Factors Affecting Communication
Nurses as Advocates for Patients and Their Families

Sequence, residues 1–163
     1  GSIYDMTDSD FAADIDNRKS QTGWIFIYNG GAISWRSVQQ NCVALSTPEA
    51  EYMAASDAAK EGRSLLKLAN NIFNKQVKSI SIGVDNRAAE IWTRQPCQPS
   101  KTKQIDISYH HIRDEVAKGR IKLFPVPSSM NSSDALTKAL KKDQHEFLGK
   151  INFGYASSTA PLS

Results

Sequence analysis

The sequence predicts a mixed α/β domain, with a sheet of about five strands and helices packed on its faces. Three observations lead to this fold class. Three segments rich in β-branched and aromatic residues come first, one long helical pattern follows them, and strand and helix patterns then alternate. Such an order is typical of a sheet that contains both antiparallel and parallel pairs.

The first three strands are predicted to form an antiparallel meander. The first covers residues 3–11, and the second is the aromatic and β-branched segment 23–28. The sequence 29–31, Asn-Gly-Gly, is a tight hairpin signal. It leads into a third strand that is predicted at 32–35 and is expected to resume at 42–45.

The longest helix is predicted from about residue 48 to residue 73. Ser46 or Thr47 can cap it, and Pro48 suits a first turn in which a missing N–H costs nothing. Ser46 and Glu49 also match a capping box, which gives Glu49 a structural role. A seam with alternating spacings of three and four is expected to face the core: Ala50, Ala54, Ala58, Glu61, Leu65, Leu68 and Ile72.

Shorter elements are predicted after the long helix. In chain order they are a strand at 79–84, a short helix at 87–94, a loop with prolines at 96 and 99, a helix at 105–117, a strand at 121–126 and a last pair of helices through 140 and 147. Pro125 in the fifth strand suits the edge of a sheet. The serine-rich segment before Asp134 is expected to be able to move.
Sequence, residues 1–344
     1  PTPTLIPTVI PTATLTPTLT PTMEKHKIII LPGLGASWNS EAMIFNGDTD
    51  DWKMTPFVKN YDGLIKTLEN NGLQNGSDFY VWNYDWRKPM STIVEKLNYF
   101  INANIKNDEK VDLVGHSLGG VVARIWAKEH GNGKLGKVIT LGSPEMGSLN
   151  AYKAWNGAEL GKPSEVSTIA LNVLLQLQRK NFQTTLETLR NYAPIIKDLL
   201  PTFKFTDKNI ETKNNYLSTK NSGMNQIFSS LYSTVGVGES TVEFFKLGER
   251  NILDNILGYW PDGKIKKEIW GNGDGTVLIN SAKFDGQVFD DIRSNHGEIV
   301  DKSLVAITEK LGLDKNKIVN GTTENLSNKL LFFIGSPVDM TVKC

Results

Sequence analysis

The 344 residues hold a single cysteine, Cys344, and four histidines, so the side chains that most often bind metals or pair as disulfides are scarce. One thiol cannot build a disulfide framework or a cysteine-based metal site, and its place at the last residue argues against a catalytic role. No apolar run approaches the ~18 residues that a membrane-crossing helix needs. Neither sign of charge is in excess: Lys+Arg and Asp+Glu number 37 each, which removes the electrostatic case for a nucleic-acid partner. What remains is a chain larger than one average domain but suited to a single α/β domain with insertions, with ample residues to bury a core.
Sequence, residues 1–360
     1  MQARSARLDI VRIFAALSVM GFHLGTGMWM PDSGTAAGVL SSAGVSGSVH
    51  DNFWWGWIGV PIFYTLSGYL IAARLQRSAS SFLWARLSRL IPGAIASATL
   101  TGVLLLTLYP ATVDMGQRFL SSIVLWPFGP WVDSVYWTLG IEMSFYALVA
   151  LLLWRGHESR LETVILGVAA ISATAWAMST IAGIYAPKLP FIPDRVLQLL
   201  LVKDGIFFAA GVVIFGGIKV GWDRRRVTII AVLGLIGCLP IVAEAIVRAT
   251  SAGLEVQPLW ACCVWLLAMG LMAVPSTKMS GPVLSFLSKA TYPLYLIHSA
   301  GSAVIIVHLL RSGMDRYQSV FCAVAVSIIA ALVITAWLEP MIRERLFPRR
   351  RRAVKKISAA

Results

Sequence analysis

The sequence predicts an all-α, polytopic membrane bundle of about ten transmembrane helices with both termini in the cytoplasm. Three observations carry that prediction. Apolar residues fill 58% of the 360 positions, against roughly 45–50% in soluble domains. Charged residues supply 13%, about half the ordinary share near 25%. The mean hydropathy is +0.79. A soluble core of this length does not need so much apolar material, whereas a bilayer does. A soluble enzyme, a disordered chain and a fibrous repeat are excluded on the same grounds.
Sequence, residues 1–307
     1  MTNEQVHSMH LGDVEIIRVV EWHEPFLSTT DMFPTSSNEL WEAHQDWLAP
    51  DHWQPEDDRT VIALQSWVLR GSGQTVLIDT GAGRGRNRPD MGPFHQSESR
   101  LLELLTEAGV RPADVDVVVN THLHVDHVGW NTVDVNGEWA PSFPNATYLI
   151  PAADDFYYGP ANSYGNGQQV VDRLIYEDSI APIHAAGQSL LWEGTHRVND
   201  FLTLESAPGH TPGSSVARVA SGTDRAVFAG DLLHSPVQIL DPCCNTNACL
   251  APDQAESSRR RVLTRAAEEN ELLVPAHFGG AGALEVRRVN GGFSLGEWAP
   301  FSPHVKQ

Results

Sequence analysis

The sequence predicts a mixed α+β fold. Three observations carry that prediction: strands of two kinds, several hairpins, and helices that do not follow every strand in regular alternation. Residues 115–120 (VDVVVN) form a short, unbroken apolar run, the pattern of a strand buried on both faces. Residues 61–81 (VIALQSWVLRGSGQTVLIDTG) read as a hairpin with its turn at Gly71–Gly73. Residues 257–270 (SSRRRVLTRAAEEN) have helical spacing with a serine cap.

Nurses play an important role in supporting patients through the crisis of cancer and play an important role in today's multidisciplinary cancer team. They perform key functions at almost every stage of the cancer trajectory. Clinic and inpatient nurses are frequently the first clinical contacts for patients and family members and, through their initial interactions, set the tone for the support the patient will receive throughout his or her care. Nurses are important sources of information about procedures, treatments, and other aspects of patient care. Spending the most time with the patient compared to physician members of the treatment team, nurses are frequently the most trusted member of the cancer team when it comes to obtaining information, and they serve as advocates for the patient when important and sensitive questions such as "How bad is it?" or "How long do I have to live?" arise. Nurses must also attend to patient and family emotional needs after bad news is given and deal first with other emotionally draining situations such as angry patients or family members or patients who are withdrawn and depressed. Advanced practice nurses provide direct patient care, often acting as physician extenders and managing much of the day-to-day care of the patient.
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